How Our 2010 Grantees Empowered and Advanced Their Host Communities
Alexandria worked with Instituto para el Desarrollo Humano, which works to develop social and preventative medicine while promoting gender equity and basic human rights for the HIV/AIDS community in Bolivia.
As part of my experience, it is required that I create a sustainable project that aids the institution in fulfilling their purposes. I dedicated my time to creating two projects that had both educational and preventive components in order to increase the likelihood of sustainability.
I began to assume the responsibilities associated with the workforce reinsertion project until I was eventually coordinating and administering it. This was an extraordinary learning experience. I was charged with systemizing the project’s processes, selecting beneficiaries, orienting beneficiaries in developing their education and work goals, designing and offering a series of workshops (a terrifying but positive experience), monitoring the beneficiaries’ progress in the program, and supporting the development of a project proposal for the income generation team that would last for the next two years.
Through these activities I have learned more than I expected about Peru, the problems it faces, the extraordinary resiliency of people living on the margins of society, and a whole lot about public health and international development.
Semilla Nueva’s model fills the information gap by introducing novel methodologies to farmers and facilitating the participation, experimentation, and peer-to-peer exchange of successes, ideas, and education.
To see from the perspective of a small rural producer in Guatemala has changed my concept of agriculture. Like many consumers in the U.S., I was disconnected from my food. I ate with no concept of the harvest and natural cycle, only the finished product. A shrink wrapped styrofoam package of chicken did not represent something that had once been a living, clucking being, only 500 grams of immediate sustenance. Working with rural farmers has helped to open my eyes to the slow natural cycle of production that is essential to consumption.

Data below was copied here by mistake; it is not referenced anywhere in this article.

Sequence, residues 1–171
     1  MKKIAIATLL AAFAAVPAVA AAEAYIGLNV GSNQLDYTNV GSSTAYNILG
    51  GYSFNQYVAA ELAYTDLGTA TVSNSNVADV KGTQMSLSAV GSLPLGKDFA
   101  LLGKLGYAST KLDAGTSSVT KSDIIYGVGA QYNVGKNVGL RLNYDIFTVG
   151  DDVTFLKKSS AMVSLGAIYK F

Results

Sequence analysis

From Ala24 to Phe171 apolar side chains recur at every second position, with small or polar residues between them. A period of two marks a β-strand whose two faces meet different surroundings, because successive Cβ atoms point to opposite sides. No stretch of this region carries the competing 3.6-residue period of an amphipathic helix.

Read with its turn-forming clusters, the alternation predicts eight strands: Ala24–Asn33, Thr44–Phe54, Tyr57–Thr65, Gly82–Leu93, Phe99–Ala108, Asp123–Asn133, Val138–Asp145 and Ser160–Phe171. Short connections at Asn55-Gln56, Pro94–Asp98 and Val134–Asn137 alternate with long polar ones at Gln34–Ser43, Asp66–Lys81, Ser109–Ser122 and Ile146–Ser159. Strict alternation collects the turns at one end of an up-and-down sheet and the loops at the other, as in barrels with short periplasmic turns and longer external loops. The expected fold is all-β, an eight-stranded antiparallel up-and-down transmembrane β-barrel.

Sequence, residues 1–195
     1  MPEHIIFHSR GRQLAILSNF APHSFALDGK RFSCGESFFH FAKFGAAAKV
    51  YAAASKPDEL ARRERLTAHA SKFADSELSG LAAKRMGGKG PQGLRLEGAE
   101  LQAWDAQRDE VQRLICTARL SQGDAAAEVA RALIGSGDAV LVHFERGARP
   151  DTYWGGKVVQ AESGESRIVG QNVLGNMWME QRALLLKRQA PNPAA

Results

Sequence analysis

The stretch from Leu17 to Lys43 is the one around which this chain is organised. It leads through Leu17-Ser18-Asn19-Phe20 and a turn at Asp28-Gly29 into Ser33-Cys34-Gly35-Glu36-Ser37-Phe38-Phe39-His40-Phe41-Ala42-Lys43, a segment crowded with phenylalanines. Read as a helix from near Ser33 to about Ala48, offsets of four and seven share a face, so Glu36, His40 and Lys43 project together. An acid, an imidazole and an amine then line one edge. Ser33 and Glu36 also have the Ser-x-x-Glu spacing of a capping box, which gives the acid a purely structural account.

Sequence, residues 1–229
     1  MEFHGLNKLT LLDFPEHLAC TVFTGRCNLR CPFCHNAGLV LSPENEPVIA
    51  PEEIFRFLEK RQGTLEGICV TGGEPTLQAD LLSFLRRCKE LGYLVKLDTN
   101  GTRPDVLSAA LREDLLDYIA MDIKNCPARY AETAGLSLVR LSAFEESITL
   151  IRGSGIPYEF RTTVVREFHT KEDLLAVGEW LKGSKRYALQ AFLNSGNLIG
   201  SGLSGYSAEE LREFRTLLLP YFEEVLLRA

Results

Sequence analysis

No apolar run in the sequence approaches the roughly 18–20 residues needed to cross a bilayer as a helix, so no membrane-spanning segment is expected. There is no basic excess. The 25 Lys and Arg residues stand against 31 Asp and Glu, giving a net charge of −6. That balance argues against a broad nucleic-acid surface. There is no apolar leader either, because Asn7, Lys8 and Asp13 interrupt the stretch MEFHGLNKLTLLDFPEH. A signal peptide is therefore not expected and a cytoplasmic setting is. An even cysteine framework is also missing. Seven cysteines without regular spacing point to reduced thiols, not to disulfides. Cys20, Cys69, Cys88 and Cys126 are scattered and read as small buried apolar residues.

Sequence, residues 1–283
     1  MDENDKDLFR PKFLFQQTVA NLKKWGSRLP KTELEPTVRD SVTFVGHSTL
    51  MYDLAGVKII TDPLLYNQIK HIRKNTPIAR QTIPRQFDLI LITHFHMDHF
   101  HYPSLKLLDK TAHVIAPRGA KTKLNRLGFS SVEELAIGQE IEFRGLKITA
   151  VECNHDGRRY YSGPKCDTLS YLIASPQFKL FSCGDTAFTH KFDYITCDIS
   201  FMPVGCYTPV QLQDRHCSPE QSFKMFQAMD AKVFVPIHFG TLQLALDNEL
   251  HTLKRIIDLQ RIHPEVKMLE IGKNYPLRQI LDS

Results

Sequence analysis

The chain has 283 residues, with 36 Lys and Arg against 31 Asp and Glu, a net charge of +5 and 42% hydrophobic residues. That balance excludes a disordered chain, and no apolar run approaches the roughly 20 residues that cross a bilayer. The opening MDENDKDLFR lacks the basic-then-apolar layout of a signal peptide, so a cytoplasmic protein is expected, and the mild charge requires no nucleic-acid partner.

Aizawl, Mizoram, India
Joanna spent a life-changing year working with Global Health Access Program as an India Fellow providing technical assistance and capacity-building support for public health programs operating at the India-Burma border.
GHAP believes that access to health care is a basic human right, and the people living at the India-Burma border do not have access to adequate health care and therefore are denied a fundamental human right.
After this year, I feel even more certain of my chosen career path: to strengthen health programs for those who had to flee their homes due to disaster or fear of persecution. I plan to return to school to study public health and I hope to return to work abroad with displaced populations throughout my career. I know my experience with GHAP helped me grow as an individual and made me a more aware global citizen.
A summer volunteer started to build a database in Access before I got to the clinic. I arrived with a strong starting point in place. My first job was to make the system as simple and robust as possible. I monitored data quality carefully and made changes to reduce errors in data entry. I adapted the interface so that it would more closely resemble the paper patient forms that we use.
I created an instruction manual about data entry so that everyone would follow the same protocols, and I added new fields that could be coded in the system. After a couple months, when data quality was sufficiently high, we were able to switch over to using the Access database as a basis for reporting, rather than our patient registers. I wrote a program that would automatically compile information from the database into a single reporting document. Data that once took days to generate was now available with the click of a button.
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